We did it! Local boys Sean and Sinclair celebrate being the UK’s first same-sex marriage

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History was made at the weekend. But did you know they were a couple from Kentish Town?


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Sealed with a kiss: Sean and Sinclair. The pair met last summer in LA. Photo: Camden Council
Nice that Kentish Town-based couple Sinclair Treadway, 20, and Sean Adl-Tabatabai, 32, were the very first in the country to exchange vows at Camden Town Hall (12.01 am, Saturday morning, to put a finer point on it).

Over a hundred guests looked on – no doubt many with a moist eye or two – including Sinclair’s parents who had flown from Los Angeles for the occasion. Meanwhile underrated art-pop collective The Irrepressibles (who we’re big fans of here) performed their song Two Men in Love.

So who are the boys in question? Well, Sean has lived in the borough for ten years and has his own TV production company, having previously worked at MTV on Hawley Crescent. He met his beau, Sinclair, in Los Angeles at the Beverly Hills Hotel last year while on a business trip.

Although Sinclair had never been to London before, since being whisked across the pond he’s “loving living in Kentish Town” – although rumour has it that they ultimately plan on eventually relocating to America. “But it’s incredible,” says Sean, “to think that the man I fell in love with last August I’m now going to spend the rest of my life with.”

“It’s all happened so quickly it’s hard to take it in,” adds Sean, “but I’m just so thrilled and amazed that our wedding is so important, not just to us – but to the rest of England and Wales.”

Agreed. And none other than the hirsute Mayor of Camden himself, Jonathan Simpson (whom we interviewed here) conducted the ceremony, alongside one of Camden’s registrars.

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An excerpt from the Mayor’s speech

Mayor Jonathan Simpson poses with the newlyweds
Mayor Jonathan Simpson poses with the newlyweds
It’s a great pleasure to welcome you here tonight to Camden Town Hall on this hugely important and historic occasion – the first same sex marriage in England and Wales and indeed the marriage of Sean and Sinclair.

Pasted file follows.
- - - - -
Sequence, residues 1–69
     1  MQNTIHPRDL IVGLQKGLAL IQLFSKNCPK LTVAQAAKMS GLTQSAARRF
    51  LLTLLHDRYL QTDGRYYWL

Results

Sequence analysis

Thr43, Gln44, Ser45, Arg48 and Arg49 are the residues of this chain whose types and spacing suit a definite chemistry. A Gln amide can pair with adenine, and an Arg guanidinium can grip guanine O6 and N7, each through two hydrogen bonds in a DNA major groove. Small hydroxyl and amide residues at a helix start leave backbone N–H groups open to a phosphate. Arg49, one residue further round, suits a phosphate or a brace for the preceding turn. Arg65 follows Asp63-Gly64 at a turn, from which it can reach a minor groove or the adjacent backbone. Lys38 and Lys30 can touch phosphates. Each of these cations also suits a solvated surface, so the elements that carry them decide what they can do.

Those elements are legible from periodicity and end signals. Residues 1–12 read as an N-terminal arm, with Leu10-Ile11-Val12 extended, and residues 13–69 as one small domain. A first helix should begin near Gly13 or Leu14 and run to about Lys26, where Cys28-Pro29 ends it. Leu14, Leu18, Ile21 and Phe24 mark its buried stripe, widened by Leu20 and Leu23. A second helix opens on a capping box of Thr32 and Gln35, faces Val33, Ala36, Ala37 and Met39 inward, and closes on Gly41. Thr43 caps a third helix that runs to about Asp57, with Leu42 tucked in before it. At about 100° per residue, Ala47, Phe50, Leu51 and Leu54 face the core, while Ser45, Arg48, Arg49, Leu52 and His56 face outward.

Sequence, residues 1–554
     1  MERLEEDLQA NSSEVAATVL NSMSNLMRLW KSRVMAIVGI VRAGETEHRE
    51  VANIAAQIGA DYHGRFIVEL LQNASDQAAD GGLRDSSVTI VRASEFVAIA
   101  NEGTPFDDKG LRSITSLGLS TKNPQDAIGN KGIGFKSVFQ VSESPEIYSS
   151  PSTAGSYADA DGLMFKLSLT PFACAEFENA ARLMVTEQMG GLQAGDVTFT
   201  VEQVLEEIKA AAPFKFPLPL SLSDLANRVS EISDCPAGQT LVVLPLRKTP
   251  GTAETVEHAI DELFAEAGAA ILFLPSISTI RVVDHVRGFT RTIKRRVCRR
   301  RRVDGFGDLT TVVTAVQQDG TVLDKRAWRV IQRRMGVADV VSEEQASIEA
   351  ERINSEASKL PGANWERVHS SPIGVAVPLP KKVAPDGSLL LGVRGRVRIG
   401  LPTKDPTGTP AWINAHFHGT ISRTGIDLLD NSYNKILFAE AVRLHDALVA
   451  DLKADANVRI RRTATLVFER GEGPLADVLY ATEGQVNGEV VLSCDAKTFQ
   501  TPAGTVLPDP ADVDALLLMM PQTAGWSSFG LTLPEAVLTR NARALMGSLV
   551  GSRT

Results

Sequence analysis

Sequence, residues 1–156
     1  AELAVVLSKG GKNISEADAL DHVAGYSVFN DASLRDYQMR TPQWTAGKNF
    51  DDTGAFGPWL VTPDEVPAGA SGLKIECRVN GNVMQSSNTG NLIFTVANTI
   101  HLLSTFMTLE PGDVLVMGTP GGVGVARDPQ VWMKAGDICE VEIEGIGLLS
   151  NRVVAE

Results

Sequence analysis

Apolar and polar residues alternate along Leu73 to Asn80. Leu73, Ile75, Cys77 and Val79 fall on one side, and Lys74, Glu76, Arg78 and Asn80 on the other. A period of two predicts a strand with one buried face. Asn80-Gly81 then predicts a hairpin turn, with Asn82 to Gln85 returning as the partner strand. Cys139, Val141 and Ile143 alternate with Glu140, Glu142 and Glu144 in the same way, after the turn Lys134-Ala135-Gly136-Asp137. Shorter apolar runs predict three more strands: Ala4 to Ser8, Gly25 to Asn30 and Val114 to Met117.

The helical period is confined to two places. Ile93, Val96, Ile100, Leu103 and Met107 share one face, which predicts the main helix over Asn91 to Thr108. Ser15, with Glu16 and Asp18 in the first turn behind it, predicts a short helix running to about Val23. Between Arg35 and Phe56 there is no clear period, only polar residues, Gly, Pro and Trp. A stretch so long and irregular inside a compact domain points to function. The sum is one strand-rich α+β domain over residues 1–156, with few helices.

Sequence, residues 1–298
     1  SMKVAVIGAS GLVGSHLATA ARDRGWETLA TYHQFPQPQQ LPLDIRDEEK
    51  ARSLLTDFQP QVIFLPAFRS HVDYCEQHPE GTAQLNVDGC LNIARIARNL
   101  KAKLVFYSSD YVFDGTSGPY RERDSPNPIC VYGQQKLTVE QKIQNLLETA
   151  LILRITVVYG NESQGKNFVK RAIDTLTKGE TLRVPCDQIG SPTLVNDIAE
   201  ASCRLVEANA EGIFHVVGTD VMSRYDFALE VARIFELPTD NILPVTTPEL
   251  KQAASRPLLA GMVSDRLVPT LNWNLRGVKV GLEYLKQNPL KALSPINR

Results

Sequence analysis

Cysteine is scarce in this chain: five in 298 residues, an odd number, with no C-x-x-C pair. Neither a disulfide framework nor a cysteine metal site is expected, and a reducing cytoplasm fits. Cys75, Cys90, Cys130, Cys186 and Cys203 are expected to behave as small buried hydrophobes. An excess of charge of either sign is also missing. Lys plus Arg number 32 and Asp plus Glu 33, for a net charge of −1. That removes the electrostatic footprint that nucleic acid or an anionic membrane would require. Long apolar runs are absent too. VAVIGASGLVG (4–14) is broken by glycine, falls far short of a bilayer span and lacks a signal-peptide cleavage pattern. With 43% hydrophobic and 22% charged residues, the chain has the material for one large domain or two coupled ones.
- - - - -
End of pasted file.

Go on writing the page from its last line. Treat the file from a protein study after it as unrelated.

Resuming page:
Sean and Sinclair have taken the brave step to have the first same-sex marriage in our country – and have significant media interest in what is normally an event to share with family and friends.

It is a genuine honour to be here as Mayor of Camden to share tonight with you all and take part in the proceedings. I am the first openly gay Mayor our Borough has had – something that I personally am very proud of. Camden has a long and proud history in campaigning on human rights – with Ghandi studying here and indeed the international anti-Apartheid movement basing itself locally for decades. This history is what makes Camden the most culturally diverse and socially cohesive parts of London.

On reflecting upon tonight, it’s astonishing to think how far LGBT rights have moved in this country. Just 47 years ago, homosexual relationships in the UK could end in imprisonment or a life of psychiatric care. This was a reality – with many such as Alan Turing choosing to sadly take their lives rather than live in fear of persecution.

Since then we have slowly but surely seen a change in laws and attitudes around LGBT rights. We’ve had some major hurdles, such as Section 28, and some victories like the adoption of civil partnerships. We’ve seen more people openly come out – from politicians, Olympic athletes, authors and actors all declaring their sexuality proudly. We’ve seen same-sex couples adopt and we’ve seen gay rights largely become an issue that the main political parties agree upon.

Tonight is another huge step in civil rights for our country. But tonight cannot be seen as the final step. We cannot leave this wonderful celebration and think that our job is done. Throughout the UK many young LGBT teenagers face daily bullying and harassment. Gay love remains a criminal offence in 40 of the 53 Commonwealth states – and indeed recently some countries have tried to adopt legislation where LGBT people could face the death penalty for being open. The situation in many countries is gravely serious.

So tonight we celebrate not only the love of a couple and a historic milestone in England and Wales – but I hope that through Sean and Sinclair, and the many other loving couples who will no doubt be following in their footsteps well into the future, Camden and other parts of the UK will act as a beacon of hope, so that we can all live in a more tolerant and loving world.

Read all about another local gay couple, Ashley and Jack, who married on Saturday, here.


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